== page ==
This substitute is tagged as one of the healthiest cooking oil you can ever find. Avocado oil gives you everything- a liquid base to mix the dry ingredients, a rich dose of good plant fat, and a rich, creamy, buttery taste. Avocado oil can be equally substituted for vegetable oil in brownies, and it will offer tons of health benefits to the recipe. These perks include tons of antioxidants and nutrients that help improve heart health, lower blood pressure and reduce cholesterol levels.
Out of butter, but can’t pause that chocolate brownie recipe? Then, use butter instead. The traditional brownie mix also includes butter, so you’ll get more creaminess, moisture, and flakiness with this option. Butter will add more fat to your brownies, but it’s also great if you wish to cream the sugar first before mixing it in. And you can still use equal amounts of butter in place of vegetable oil without reducing the original butter amount previously in the recipe. Butter makes for brownies fudgy, and because you swapped it for oil, you’ll get an even richer flavor. But make sure to unsalted butter so as not to influence the taste of the batch.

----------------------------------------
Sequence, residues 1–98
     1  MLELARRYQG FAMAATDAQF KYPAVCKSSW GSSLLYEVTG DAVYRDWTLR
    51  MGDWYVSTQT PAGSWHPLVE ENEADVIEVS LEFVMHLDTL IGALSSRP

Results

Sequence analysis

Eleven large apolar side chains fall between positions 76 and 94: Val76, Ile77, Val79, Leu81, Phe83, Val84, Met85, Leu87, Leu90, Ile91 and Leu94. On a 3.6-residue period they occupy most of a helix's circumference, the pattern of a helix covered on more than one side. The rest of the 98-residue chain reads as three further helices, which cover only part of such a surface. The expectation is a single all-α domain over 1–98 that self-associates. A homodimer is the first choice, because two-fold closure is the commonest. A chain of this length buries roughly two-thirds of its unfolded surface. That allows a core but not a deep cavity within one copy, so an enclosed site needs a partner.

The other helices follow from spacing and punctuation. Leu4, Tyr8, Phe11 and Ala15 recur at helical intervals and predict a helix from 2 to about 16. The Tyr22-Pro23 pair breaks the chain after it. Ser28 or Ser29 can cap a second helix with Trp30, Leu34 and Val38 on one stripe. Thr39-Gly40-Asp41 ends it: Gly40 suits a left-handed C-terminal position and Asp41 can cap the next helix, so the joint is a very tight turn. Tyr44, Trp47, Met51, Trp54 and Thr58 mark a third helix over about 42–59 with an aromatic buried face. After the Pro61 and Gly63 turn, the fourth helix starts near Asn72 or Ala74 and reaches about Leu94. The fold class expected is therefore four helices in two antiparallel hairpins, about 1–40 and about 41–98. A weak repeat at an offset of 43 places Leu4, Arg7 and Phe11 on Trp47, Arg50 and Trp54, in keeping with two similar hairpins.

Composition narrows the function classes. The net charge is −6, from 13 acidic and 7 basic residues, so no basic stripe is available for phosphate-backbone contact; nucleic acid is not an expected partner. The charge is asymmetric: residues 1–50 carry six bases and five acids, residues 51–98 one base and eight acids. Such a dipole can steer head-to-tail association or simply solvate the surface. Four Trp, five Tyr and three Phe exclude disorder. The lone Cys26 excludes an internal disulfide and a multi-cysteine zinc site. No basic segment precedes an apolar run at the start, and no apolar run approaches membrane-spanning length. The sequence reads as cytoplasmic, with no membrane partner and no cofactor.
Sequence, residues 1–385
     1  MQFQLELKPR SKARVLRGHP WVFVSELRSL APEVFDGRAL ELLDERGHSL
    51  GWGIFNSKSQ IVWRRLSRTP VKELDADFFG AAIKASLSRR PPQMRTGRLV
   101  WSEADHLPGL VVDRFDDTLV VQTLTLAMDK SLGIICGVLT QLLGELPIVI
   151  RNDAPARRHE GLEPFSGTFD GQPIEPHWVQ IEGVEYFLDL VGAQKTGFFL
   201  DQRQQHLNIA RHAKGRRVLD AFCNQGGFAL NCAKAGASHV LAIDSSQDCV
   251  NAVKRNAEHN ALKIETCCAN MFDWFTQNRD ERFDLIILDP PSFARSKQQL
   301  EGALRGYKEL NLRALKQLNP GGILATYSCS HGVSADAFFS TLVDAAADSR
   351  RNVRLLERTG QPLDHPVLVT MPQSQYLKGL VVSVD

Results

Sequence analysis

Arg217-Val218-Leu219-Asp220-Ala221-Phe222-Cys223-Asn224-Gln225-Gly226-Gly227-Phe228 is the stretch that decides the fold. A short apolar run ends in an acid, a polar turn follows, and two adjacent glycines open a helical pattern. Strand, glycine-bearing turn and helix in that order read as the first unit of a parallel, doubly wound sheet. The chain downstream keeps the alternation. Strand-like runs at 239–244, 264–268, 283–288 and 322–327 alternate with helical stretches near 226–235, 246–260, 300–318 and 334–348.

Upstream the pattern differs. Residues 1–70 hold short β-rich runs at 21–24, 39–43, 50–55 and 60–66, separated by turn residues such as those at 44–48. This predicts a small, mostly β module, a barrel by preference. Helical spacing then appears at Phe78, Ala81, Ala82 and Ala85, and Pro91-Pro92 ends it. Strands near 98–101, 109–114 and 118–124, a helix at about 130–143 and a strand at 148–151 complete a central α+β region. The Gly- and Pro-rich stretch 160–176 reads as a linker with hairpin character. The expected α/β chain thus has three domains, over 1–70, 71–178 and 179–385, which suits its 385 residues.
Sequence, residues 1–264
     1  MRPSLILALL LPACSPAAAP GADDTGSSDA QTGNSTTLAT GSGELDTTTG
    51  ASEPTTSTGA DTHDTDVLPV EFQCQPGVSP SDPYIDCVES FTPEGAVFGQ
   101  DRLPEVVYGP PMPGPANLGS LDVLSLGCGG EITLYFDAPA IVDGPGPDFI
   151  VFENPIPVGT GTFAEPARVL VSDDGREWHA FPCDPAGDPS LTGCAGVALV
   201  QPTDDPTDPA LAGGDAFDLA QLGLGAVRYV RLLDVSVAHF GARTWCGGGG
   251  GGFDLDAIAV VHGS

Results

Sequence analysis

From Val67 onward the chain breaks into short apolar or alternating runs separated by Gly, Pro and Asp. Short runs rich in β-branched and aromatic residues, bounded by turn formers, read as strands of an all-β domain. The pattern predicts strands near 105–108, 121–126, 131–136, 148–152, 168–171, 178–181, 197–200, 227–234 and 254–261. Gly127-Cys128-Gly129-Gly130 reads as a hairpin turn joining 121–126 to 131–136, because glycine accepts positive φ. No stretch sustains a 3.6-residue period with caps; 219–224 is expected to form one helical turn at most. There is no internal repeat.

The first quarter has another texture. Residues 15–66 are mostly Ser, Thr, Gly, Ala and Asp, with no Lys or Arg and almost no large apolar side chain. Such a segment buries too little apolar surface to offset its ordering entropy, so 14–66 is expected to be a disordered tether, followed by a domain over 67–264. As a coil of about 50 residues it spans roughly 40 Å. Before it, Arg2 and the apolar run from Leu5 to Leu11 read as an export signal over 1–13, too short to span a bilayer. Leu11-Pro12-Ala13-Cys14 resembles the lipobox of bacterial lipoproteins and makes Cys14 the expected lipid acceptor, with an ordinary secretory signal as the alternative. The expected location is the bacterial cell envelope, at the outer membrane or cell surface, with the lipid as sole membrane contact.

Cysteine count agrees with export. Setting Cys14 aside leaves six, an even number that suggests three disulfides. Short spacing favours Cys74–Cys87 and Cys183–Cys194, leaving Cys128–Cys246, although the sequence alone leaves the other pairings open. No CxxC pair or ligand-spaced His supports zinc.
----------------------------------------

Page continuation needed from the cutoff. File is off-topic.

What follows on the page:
If you plan to make coconut-flavored brownies, then the default move is to use this substitute. But you’ll be glad to know it also works in other settings as well. Coconut is a fat-rich plant oil, a condition proven by its tendency to solidify at room temperature quickly. And this high-fat content means you get full creaminess in your brownies.
Still, you may not be fond of the tropical taste of coconut oil in brownies. If so, you can neutralize the flavor by adding a teaspoon of vanilla. You can use coconut oil in equal amounts in place of vegetable oil for brownie recipes. But you’ll have to melt it first before measuring into the batter.
Frequently Asked Questions (FAQs)
Can I use olive oil in place of vegetable oil for brownies?
Yes, you can. But note that olive oil has a distinct flavor that may surface in your brownie mix. If you must use olive oil as a vegetable oil substitute in brownies, go for the less flavored varieties like light or extra light olive oil.
Can you substitute bananas for oil in brownies?
Yes, you can, but this works best for brownie box mixes. Mash a very soft and ripe banana into a puree and use it in equal amounts to replace vegetable oil in the brownie mix.
What’s a good substitute for oil in brownies?
Besides the helpful options listed above, you can also try equal amounts of cornstarch/water mix, avocado, prune and pumpkin purees, shortening, and mayonnaise. You can also use unsweetened applesauce, but you’ll have to cut down the baking time by ten minutes. Also, consider a quarter cup of buttermilk for every half cup of oil. Note that you can adjust these quantities if you’re making your brownie batter from scratch since they’re mostly recommended for box brownie mixes.
Can’t get enough of brownies but can’t use vegetable oil? Then choose from any of these impressive substitutes, and your problem is solved. You don’t have to stop making your favorite baked treats because vegetable oil is out of the picture. All you need is to find a replacement that will add the same value to your recipe and sometimes even more.